Search

Pearl the dog rescued after getting stuck on a slippery groyne

PUBLISHED: 11:28 07 November 2019 | UPDATED: 11:28 07 November 2019

John Harris, Chris Shortis with Pearl and Sheringham Coastguard station officer Jerry Woodley on Sheringham Promenade after the rescue. Picture: Chris Shortis

John Harris, Chris Shortis with Pearl and Sheringham Coastguard station officer Jerry Woodley on Sheringham Promenade after the rescue. Picture: Chris Shortis

Archant

A dog named Pearl had a lucky escape after she became stuck on slippery rocks at the beach, with the waves crashing in around her.

Chris Shortis from Sheringham and Cromer Coastguard said the white and fawn whippet had been chasing birds onto a rocky groyne at Sheringham's East Promenade just before 10.30am yesterday (Wednesday, November 6).

But she found she could not make her own way back along the groyne to the promenade.

Mr Shortis said Pearl's owner then called the 999 and asked if the Coastguard could come and help.

But he said the first effort to rescue the dog had to be called off, before rescuers found another way to get to her.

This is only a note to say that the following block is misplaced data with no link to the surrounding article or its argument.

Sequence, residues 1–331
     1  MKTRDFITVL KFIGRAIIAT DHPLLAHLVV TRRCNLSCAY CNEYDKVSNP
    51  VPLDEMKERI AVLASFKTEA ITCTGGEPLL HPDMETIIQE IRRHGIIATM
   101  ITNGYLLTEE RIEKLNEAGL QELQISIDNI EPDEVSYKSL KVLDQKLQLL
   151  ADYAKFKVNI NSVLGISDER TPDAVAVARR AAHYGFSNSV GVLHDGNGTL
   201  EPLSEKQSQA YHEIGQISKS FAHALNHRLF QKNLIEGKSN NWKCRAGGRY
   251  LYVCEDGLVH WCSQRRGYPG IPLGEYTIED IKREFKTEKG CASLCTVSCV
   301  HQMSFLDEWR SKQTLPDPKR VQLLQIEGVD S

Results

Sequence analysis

Mr Shortis said: "Three members from the Sheringham team arrived on scene and were met by the dog's owner.

"Her front legs were on one rock and her back legs on another with a deep crevice beneath her.

You may also want to watch:

"An initial attempt to reach Pearl from the beach was discontinued as a safe route could not be found due to the slipperiness of the rocks.

"An alternative route from above the high water mark was found and two coastguard rescue officers were able to reach Pearl who was in an increasingly distressed state."

The stricken canine was then able to passed back to the seafront.

"Pearl was slowly brought back to the promenade, with the officers moved from rock to rock to establish a secure footing and passing Pearl between them. Once back on the promenade she was returned to her grateful owner."

Mr Shortis said the dog's owner had done the right thing by calling 999 and requesting the Coastguard.

He added that despite being an emergency service, the Coastguard was made up of volunteers, and was currently recruiting in Cromer.

The incident follows another rescue by the Sheringham and Cromer Coastguard from a spot nearby on the East Promenade on July 28. In that incident, which Sheringham RNLI Lifeboat and other emergency services also responded to, a man became trapped in water up to his neck, and rescuers had to hold his head above the waterline.

For more information about volunteering as a Coastguard rescue officer visit www.gov.uk/volunteer-as-a-coastguard or find Cromer and Sheringham Coastguard on Facebook.

Most Read

Most Read

Latest from the North Norfolk News

Hot Jobs

Show Job Lists